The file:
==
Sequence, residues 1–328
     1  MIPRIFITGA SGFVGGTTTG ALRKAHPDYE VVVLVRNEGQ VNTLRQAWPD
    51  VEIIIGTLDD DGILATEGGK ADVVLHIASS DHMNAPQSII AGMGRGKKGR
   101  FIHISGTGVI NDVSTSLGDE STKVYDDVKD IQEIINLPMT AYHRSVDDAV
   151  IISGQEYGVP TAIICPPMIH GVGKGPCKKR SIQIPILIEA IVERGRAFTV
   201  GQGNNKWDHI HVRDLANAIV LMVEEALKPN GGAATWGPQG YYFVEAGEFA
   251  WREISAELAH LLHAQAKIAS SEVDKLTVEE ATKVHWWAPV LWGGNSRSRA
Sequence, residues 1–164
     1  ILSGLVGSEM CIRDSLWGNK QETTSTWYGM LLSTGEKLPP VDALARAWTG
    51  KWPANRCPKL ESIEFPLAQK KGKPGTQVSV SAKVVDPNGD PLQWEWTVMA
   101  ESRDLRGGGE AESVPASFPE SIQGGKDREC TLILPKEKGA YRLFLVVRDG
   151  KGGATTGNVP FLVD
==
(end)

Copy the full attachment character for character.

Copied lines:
Sequence, residues 1–328
     1  MIPRIFITGA SGFVGGTTTG ALRKAHPDYE VVVLVRNEGQ VNTLRQAWPD
    51  VEIIIGTLDD DGILATEGGK ADVVLHIASS DHMNAPQSII AGMGRGKKGR
   101  FIHISGTGVI NDVSTSLGDE STKVYDDVKD IQEIINLPMT AYHRSVDDAV
   151  IISGQEYGVP TAIICPPMIH GVGKGPCKKR SIQIPILIEA IVERGRAFTV
   201  GQGNNKWDHI HVRDLANAIV LMVEEALKPN GGAATWGPQG YYFVEAGEFA
   251  WREISAELAH LLHAQAKIAS SEVDKLTVEE ATKVHWWAPV LWGGNSRSRA
Sequence, residues 1–164
     1  ILSGLVGSEM CIRDSLWGNK QETTSTWYGM LLSTGEKLPP VDALARAWTG
    51  KWPANRCPKL ESIEFPLAQK KGKPGTQVSV SAKVVDPNGD PLQWEWTVMA
   101  ESRDLRGGGE AESVPASFPE SIQGGKDREC TLILPKEKGA YRLFLVVRDG
   151  KGGATTGNVP FLVD